The sentences imposed were for first offenses. *665 Therefore the maximum sentence authorized for the manufacture or sale is a fine of not more than $1,000 or imprisonment not exceeding six months; and the maximum sentence for possession either of liquor or distillery apparatus is a fine of $500. National Prohibition Act, title 2, § 29 (Comp. St. Ann. Supp. 1923, § 10138½p).
It thus appears that the sentence is greater than could have been lawfully imposed under any one count, because it includes both fine and imprisonment. But we are of opinion that the third count is the only one which should have been considered when passing sentence, because the manufacture therein charged includes the possession of liquor charged in the first count and the possession of distillery apparatus charged in the second count.
Under the Fifth Amendment one may not for the same offense be twice put in jeopardy. The test of what is the same offense is stated by Mr. Bishop to be "whether, if what is set out in the second indictment had been proved under the first, there could have been a conviction; when there could, the second cannot be maintained; when there could not, it can be." 1 Bishop on Criminal Law (9th Ed.) § 1052. See, also, § 1051. This test has been adopted by the Supreme Court. In re Nielsen, 131 U.S. 176, 9 S. Ct. 672, 33 L. Ed. 118; Carter v. McClaughry, 183 U.S. 365; Burton v. United States, 202 U.S. 344, 377, 26 S. Ct. 688, 50 L. Ed. 1057, 6 Ann. Cas. 362; Gavieres v. United States, 220 U.S. 338, 31 S. Ct. 421, 55 L. Ed. 489; Morgan v. Devine, 237 U.S. 632, 35 S. Ct. 712, 59 L. Ed. 1153; Ebeling v. Morgan, 237 U.S. 625, 35 S. Ct. 710, 59 L. Ed. 1151.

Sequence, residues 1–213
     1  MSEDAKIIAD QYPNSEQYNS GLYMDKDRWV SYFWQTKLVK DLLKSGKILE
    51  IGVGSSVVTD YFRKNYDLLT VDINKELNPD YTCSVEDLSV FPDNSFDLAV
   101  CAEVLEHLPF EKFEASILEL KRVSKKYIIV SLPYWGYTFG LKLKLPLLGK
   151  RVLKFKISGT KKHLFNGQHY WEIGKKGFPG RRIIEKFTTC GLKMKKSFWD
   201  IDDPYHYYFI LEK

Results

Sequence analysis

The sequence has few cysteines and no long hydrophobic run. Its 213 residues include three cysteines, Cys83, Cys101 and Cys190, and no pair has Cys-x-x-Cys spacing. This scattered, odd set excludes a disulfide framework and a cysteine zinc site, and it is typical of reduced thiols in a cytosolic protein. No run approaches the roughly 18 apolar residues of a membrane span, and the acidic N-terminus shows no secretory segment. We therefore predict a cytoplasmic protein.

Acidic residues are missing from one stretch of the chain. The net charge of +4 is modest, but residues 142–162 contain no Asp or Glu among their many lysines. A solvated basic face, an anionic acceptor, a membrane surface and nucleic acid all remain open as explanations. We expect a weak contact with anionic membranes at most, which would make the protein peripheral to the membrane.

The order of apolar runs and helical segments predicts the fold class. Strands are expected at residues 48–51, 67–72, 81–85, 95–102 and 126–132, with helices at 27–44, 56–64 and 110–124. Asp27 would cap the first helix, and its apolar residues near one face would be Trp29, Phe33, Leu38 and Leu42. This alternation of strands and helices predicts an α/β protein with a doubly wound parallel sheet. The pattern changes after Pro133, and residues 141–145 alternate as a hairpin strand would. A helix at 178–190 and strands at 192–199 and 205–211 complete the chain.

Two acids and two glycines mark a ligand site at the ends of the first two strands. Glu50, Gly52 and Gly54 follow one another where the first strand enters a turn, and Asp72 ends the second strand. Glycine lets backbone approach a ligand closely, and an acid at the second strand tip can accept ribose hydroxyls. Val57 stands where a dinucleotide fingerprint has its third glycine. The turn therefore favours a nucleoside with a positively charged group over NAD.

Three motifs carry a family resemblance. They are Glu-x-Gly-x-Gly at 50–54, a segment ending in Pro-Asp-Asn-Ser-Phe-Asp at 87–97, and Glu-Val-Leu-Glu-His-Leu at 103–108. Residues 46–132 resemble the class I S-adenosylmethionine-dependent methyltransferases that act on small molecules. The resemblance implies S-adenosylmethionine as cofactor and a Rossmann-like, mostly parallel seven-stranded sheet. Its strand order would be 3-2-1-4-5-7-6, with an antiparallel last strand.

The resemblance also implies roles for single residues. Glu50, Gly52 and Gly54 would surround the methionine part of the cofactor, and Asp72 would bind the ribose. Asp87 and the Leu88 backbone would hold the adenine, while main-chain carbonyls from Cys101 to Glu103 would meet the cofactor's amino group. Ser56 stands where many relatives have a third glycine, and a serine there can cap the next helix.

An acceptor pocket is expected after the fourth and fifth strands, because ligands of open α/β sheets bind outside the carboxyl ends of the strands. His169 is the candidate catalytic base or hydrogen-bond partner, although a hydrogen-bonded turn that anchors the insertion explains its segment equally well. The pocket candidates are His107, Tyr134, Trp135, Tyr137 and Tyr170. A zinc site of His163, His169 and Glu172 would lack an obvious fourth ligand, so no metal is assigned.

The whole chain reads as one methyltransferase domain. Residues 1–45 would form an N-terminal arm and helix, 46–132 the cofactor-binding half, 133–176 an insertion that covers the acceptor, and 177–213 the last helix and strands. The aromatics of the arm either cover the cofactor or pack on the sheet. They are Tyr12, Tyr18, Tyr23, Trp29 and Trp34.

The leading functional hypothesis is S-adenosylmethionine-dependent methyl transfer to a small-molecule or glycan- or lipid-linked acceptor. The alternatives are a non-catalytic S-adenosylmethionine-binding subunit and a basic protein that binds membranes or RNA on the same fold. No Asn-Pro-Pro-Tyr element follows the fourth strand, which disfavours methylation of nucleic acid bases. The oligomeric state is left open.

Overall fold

In several of the above cases the Supreme Court cites with approval Morey v. Commonwealth, 108 Mass. 433, in which it is said:
"A conviction or acquittal upon one indictment is no bar to a subsequent conviction and sentence upon another, unless the evidence required to support a conviction upon one of them would have been sufficient to warrant a conviction upon the other. The test is not whether the defendant has already been tried for the same act, but whether he has been put in jeopardy for the same offense. A single act may be an offense against two statutes; and if each statute requires proof of an additional fact which the other does not, an acquittal or conviction under either statute does not exempt the defendant from prosecution and punishment under the other."